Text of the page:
The mystery itself is deftly constructed. We get two impossible crimes simultaneously early on – the murder of Dr. Rees and the impossible theft of a priceless painting from Teasel’s house during a party. Obviously the focus is put on the locked-room murder, but the theft is given ample consideration as well. It doesn’t help Spector that, not unlike in Top Hat, just about every character seems to have a cast-iron alibi, or, if they don’t, their lack of an alibi somehow manages to help their case. About 2/3 of the way through we get another impenetrable crime scene, but this time it’s an elevator. This problem has a dual befuddlement – because it seems that neither the murderer nor their victim could have entered or exited the elevator since it was last used, by Flint himself! I must say that I’m glad that Mead included a locked-elevator murder, because it seems to me to be an underrated impossible crime. There are a few examples from the good old days – The Death of Laurence Vining, Murder Among the Angells, and Fatal Descent to name the three that are probably the best known – but it was never given as much consideration by impossible crime authors as other kinds of rooms to seal. Mead gives really great answers to all three impossibilities. The theft is solved a couple chapters before everything else, and while it reuses the solution of a much older and famous impossible crime story (which is name-dropped by Spector himself), it contains a nice extra reversal which caught me off guard (ROT-13: fcrpvsvpnyyl, gur eriryngvba gung Yvqvn jnf gur guvrs, fvapr gur gursg unq orra cerfragrq nf zber bs na vairegrq zlfgrel jvgu Qryyn nf gur phycevg.) The two locked rooms, though, are really something special. Dr. Rees’ murder has a complex scheme behind it, but the solution here was easy to follow and was fairly clued. It’s definitely one of those locked-room solutions which made me look at things completely differently. The elevator solution is not as grandiose as the first one, but I still really liked it, and I kicked myself for latching onto one of the clues for it but not figuring out where it fit in. Of course, there is a very cunning murderer to go with the solution, whose identity caught me off guard even among a not very large cast. And I’m glad that Mead showed how the murderer’s apparently foolproof plan was thrown off the rails (in the most GAD way possible) but still worked had it not been for Spector’s genius.

The last thing I want to praise this book for is the way it features several tropes from the era of GAD. I was delighted in the first pages by the inclusion of a dramatis personae. It’s always nice to have a character list actually made by the author (as compared to the character lists in Dell Mapbacks, which always seem to spoil something and/or make the culprit blindingly obvious,) which serves the dual purpose of keeping the names in check and bragging that while one of these names is the murderer’s, darned if you figure it out. Mead includes a Challenge to the Reader as well, before the penultimate chapter. The Challenge to the Reader is another trope which was not as heavily used as I would have thought it to have been during the Golden Age – of course Ellery Queen revolutionized it, during his Nationality period, but besides him it didn’t really catch on – I know Rupert Penny used it, but I can’t really think of many examples. It caught on again during the rise of shin honkaku, especially with Soji Shimada, and the EQ TV show featured, um, Challenges to the Viewer?, but it’s seen an uptick in the past few years. The Strange Case of the Barrington Hills Vampire and The Red Death Murders both have multi-faceted challenges which make you realize just how much has been packed into them. While Death and the Conjuror‘s Challenge does not have as much as those, it is still a signal of fairness and of love for the genre and its tropes. Finally, Mead includes a “clue-finder” in the explanatory penultimate chapter. This is a trope which seems to get mixed reviews, either praised as a sign of true fairness or a way to show the reader that some inane detail on page 47 was actually really clever! I can think of some good examples – Carter Dickson’s The Ten Teacups and The Judas Window both have clue-finding footnotes (although my Pocket Book copy of the former just copied and pasted it from the first edition so the pages don’t match up,) and I know that The Hog’s Back Mystery and Holy Disorders both contain clue-finders. Mead goes with the footnote method. There are a few included, and each one goes to show how he was able to include said clues so obviously and yet right under my nose. Like I said, one of the clues caught my attention when I read it (ROT-13 gur vaqvn ehoore) but I had no idea what it meant. So all in all I commend Mead on his inclusion of these tropes.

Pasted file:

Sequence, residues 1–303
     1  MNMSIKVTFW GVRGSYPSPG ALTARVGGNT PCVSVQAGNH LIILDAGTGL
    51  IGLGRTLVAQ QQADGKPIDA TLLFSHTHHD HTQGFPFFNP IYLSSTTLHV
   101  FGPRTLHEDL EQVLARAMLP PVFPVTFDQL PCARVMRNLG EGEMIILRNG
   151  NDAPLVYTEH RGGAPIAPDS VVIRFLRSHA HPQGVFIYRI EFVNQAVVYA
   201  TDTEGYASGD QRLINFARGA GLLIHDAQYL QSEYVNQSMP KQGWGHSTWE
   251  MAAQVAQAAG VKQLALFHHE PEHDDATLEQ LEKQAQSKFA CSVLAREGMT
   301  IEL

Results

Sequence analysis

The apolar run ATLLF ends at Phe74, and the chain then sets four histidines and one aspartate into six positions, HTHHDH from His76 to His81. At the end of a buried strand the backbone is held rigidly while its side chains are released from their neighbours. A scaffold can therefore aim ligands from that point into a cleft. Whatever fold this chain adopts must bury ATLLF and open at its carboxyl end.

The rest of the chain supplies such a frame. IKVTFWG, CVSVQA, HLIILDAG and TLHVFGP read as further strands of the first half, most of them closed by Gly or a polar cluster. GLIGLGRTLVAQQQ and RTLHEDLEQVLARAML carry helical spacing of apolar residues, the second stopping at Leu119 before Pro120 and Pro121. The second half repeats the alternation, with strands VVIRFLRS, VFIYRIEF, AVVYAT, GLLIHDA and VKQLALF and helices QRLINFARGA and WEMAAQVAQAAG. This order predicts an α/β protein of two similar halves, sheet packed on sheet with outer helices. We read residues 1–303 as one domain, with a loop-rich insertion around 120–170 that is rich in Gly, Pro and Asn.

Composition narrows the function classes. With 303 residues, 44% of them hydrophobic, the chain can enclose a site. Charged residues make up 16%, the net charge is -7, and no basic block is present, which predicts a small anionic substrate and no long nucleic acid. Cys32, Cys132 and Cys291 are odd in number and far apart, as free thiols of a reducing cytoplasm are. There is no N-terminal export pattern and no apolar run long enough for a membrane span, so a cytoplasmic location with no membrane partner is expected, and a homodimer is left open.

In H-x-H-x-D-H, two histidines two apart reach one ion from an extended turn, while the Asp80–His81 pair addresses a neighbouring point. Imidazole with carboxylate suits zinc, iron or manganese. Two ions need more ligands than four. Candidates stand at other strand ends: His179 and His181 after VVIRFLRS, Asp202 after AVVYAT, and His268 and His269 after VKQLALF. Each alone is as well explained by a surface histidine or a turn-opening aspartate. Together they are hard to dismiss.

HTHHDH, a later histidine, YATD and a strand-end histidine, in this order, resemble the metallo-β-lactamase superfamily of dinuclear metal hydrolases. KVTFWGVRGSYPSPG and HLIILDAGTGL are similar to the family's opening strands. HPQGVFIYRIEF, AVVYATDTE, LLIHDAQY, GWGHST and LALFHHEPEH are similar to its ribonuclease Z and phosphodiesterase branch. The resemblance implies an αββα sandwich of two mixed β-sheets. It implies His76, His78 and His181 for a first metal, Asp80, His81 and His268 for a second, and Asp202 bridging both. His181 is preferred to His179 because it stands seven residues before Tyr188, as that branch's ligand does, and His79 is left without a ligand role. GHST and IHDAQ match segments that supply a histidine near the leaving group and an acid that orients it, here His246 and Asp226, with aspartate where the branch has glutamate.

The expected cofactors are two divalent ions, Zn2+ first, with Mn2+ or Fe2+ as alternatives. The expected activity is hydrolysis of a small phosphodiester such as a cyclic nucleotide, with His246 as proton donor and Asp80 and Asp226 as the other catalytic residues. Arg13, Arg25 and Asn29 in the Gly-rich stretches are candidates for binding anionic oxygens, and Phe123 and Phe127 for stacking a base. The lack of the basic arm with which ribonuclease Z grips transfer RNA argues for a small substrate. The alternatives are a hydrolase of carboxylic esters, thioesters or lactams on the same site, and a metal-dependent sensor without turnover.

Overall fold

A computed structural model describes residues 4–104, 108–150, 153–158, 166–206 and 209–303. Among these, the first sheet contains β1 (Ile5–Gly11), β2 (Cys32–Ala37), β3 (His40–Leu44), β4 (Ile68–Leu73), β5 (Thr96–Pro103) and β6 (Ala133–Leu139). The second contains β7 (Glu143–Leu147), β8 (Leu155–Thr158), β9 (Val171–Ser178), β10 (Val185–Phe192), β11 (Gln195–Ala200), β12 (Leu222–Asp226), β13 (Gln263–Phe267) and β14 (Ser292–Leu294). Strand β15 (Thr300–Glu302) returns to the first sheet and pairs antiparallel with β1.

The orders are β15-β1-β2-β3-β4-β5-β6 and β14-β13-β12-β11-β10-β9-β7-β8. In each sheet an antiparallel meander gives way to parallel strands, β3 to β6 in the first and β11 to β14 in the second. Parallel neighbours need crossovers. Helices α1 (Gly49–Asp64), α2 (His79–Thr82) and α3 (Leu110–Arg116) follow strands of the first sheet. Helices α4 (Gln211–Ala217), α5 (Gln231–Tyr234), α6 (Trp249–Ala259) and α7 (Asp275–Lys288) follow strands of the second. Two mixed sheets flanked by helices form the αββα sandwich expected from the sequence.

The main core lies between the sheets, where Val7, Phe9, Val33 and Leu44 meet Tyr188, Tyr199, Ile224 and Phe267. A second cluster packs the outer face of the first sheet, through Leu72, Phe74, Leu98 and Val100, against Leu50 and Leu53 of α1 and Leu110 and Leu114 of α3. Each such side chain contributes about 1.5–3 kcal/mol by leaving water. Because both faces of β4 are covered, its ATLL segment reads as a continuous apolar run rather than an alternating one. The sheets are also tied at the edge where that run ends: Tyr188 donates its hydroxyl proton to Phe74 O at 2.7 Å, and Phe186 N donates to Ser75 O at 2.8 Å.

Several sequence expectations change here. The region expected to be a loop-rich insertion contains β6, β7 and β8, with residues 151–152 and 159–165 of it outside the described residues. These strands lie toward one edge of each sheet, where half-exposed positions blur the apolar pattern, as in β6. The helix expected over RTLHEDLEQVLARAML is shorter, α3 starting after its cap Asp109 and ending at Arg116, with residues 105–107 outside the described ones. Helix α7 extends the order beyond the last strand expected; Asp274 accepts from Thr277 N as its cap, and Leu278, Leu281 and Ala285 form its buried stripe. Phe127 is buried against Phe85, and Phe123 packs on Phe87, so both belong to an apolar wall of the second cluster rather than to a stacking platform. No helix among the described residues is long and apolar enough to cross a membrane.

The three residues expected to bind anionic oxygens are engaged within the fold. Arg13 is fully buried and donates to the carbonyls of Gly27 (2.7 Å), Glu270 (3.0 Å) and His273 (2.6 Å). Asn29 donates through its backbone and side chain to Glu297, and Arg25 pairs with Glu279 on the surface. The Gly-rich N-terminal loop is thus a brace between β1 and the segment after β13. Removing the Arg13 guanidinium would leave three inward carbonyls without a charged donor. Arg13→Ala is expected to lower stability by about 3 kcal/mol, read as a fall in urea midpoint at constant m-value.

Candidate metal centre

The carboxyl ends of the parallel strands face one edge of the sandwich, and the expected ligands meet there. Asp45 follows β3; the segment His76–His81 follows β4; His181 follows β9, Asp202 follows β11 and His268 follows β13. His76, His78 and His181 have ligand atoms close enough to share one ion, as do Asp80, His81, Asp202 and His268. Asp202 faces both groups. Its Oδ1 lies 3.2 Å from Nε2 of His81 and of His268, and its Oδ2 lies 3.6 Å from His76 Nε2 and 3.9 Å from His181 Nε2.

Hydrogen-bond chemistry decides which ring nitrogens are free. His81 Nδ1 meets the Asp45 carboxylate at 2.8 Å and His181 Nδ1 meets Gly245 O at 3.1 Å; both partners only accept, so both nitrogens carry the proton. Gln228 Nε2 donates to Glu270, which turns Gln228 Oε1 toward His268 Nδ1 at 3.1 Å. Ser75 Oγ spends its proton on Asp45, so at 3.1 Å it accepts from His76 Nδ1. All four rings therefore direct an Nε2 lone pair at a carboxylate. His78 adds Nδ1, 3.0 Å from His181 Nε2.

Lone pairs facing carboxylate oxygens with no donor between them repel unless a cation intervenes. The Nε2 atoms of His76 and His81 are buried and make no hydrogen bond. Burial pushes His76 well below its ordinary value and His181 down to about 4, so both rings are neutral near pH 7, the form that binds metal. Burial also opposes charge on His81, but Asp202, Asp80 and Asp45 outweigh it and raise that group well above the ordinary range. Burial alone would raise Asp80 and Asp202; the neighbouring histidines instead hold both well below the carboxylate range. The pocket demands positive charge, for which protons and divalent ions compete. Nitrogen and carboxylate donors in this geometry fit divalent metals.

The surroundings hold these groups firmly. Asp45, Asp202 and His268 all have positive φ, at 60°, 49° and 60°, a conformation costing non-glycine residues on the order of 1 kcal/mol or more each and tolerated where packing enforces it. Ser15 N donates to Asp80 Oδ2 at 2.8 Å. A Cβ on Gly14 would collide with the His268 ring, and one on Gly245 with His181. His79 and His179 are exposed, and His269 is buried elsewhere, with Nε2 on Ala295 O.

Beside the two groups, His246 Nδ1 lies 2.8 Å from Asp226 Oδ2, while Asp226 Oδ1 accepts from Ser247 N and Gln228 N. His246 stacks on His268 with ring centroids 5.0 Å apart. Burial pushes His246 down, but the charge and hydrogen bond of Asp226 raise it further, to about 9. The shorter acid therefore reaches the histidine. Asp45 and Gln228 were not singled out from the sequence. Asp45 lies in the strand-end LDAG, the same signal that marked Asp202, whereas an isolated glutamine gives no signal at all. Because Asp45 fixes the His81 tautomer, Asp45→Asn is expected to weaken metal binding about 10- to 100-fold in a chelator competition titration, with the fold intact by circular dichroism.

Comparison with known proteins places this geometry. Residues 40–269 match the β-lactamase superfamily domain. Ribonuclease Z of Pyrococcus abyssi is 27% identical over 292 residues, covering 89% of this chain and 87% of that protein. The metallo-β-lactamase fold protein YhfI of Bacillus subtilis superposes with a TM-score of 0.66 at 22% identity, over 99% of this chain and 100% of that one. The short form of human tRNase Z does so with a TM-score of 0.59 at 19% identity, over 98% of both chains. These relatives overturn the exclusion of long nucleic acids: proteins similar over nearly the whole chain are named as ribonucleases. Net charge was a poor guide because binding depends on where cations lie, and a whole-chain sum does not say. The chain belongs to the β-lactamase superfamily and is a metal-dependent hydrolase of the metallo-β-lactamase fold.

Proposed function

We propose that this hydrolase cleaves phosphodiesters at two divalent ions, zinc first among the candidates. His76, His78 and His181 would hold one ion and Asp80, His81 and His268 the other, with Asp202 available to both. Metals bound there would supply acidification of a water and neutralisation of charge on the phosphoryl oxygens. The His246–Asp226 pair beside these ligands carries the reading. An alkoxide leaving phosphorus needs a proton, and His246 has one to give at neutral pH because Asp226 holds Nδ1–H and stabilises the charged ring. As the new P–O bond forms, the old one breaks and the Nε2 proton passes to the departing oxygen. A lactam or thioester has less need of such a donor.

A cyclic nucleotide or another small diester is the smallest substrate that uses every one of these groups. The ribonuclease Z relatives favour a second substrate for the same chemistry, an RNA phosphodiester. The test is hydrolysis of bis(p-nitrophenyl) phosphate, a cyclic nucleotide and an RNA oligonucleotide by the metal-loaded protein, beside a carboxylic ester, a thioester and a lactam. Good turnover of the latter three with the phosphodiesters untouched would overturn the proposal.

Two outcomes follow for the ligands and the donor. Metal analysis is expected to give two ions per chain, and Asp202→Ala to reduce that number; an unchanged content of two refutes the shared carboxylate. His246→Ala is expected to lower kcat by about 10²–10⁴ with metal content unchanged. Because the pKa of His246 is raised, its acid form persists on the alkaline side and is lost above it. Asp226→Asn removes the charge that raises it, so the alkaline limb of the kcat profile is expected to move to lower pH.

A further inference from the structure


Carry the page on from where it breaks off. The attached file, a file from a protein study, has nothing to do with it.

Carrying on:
Death and the Conjuror is a special book. Not only is it a rare contemporary fair-play impossible crime mystery, but it really feels like it was written during the Golden Age. I definitely felt the same way reading this book as I did reading some of my absolute favorite locked-room mysteries, like The Hollow Man and Death of Jezebel. It’s a sense of bewilderment at the impossibility, along with awe at the author’s skill and ability in plotting. I’m very much looking forward to the return of Joseph Spector, and I do hope that this is a sign that impossible crime fiction gets the kind of large-scale release that this did more often.

Other Reviews:

Ah Sweet Mystery!

Crime Fiction Lover

In Search of the Classic Mystery Novel

James Scott Byrnside

Solving the Mystery of Murder